“Because he has a short memory, man amasses countless memory aids.”
Since I don’t have tons of time to spend writing a detailed post this week (first semester is coming to an end and everything is due – give me a break!), I decided that I’d give you a video to a watch instead. This short film, Toute la mémoire du monde (1956) was directed by Alain Resnais and is narrated by Jacques Dumesnil. According to Wikipedia, the film is actually “an essay on the potential and the limits of dutifully archived human knowledge, masquerading as a documentary on the organisation of the Bibliothèque Nationale de France.” Uhuh. Sure it is. The important thing for me, though, is that the film shows things like card cataloguing systems, which aren’t in use much anymore, as well as various methods of preservation and conservation used by the Bibliothèque in the 50s, all of which are still used today alongside contemporary digitization efforts. In short, I’m looking at what was shown directly. Sorry for being so superficial.
(If you don’t want to watch the whole video, just skip straight to 20:14. A warning, though: you may have trouble sleeping tonight.)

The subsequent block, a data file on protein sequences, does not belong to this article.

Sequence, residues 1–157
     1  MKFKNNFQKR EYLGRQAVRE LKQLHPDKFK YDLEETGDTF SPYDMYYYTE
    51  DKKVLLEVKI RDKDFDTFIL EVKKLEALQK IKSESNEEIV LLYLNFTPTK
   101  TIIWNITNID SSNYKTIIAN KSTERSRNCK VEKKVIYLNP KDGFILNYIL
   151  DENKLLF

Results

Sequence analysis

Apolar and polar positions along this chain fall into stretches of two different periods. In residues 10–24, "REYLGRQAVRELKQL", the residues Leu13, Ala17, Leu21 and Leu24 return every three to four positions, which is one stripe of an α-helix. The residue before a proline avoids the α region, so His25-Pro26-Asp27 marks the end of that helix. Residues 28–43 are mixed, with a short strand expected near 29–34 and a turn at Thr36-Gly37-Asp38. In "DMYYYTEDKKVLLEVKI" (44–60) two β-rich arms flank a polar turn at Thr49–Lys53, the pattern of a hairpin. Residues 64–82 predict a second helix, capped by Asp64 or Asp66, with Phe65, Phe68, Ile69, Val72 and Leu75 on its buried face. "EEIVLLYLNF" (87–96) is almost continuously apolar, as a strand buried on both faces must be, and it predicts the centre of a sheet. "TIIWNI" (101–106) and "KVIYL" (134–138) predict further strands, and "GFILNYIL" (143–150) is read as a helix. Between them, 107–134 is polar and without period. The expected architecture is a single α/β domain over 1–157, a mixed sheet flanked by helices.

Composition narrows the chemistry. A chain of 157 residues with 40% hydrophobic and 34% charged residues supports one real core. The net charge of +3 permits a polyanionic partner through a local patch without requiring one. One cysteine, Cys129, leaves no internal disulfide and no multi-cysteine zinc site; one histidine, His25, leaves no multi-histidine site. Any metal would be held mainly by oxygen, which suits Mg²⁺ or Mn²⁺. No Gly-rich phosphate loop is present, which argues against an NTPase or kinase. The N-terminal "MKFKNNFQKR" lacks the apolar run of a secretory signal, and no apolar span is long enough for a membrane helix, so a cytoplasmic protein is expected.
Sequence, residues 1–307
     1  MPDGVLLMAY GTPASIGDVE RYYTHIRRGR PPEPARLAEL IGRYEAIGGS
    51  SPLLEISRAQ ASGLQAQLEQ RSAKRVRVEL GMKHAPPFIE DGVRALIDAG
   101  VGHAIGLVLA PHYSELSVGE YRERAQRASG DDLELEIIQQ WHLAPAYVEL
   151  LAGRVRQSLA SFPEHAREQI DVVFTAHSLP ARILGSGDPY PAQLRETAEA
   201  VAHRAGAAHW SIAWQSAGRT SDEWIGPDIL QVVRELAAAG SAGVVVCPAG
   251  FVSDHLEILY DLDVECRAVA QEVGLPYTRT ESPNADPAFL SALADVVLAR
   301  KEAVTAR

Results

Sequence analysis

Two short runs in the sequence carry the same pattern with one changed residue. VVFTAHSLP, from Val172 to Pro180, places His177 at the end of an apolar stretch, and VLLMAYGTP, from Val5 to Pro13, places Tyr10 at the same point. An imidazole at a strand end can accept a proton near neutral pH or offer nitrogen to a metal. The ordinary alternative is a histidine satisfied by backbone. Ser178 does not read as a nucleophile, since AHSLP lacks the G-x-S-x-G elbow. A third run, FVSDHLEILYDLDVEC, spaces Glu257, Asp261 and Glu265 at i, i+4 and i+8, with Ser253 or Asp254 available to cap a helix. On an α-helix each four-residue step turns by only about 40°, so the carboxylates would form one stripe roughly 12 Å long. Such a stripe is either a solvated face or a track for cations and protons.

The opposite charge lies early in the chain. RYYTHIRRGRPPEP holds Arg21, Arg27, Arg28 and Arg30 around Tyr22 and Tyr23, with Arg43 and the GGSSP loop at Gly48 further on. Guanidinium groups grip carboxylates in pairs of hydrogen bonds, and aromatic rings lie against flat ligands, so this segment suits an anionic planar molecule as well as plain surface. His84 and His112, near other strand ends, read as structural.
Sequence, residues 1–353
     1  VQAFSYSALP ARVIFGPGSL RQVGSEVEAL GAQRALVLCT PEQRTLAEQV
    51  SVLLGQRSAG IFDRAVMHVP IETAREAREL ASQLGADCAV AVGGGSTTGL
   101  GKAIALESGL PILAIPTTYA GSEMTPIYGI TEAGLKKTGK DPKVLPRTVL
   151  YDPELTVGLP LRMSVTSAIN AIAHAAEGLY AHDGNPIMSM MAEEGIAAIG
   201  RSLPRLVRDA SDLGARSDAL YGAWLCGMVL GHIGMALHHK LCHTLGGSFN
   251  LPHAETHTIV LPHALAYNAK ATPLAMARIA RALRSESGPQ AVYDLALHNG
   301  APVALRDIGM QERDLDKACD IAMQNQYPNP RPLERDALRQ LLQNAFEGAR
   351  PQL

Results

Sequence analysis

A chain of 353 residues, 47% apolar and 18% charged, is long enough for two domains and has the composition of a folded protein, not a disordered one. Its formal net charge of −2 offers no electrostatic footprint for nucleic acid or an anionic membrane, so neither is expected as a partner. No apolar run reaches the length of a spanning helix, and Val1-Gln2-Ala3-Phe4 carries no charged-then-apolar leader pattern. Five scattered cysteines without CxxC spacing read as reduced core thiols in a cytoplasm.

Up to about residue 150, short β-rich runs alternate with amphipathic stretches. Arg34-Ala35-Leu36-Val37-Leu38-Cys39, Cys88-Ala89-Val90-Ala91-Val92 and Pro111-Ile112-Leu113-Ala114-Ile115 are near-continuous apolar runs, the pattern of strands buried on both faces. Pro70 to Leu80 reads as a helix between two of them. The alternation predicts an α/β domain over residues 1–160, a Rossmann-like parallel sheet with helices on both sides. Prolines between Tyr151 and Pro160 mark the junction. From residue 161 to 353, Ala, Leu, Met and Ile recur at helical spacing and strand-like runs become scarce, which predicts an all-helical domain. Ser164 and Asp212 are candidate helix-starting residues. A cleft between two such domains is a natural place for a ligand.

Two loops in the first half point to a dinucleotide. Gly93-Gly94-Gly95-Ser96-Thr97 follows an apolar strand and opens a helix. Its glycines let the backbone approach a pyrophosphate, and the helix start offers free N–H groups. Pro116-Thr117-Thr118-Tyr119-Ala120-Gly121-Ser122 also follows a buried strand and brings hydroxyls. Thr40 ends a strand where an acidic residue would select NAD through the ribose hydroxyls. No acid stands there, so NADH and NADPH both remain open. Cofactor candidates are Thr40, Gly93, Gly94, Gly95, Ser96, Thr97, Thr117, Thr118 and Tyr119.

This video discusses the “fortress” that is France’s Bibliothèque Nationale, in which books are “imprisoned.” This notion of books as imprisoned is further promoted at 10:23 when, as the process of adding a new book to the collection is explained, Dumesnil states that “the prisoner awaits the day it will be filed,” and the video shows a book being put in a barred cage. This metaphor doesn’t seem to go anywhere, though, and left me kind of confused. I don’t know. Maybe I’m just too dense to get it, whatever “it” is.
French law requires that publishers give the Bibliothèque Nationale a copy of every work published in France, so that there exists a comprehensive collection of French memory. It should be noted here that repositories don’t just store books – they store maps, artwork, medals, artifacts… Like the video says, they’re more like museums than libraries. A lot of countries have repositories. For example, Canada has its Library and Archives, and America has its Library of Congress.
You can probably guess that an institution charged with the responsibility of collecting all that contributes to a country’s memory is going to need a heck of a lot of space. Indeed, the film does a good job in illustrating the issue that many libraries and archives claim to experience today – that is, lack of space. If you’re interested in learning more about how libraries are dealing with this issue, check out Nicholson Baker’s Double Fold: Libraries and the Assault on Paper. Not only will you learn a lot, but you’ll have a blast laughing at Baker. Not laughing with him, mind you. Laughing at him.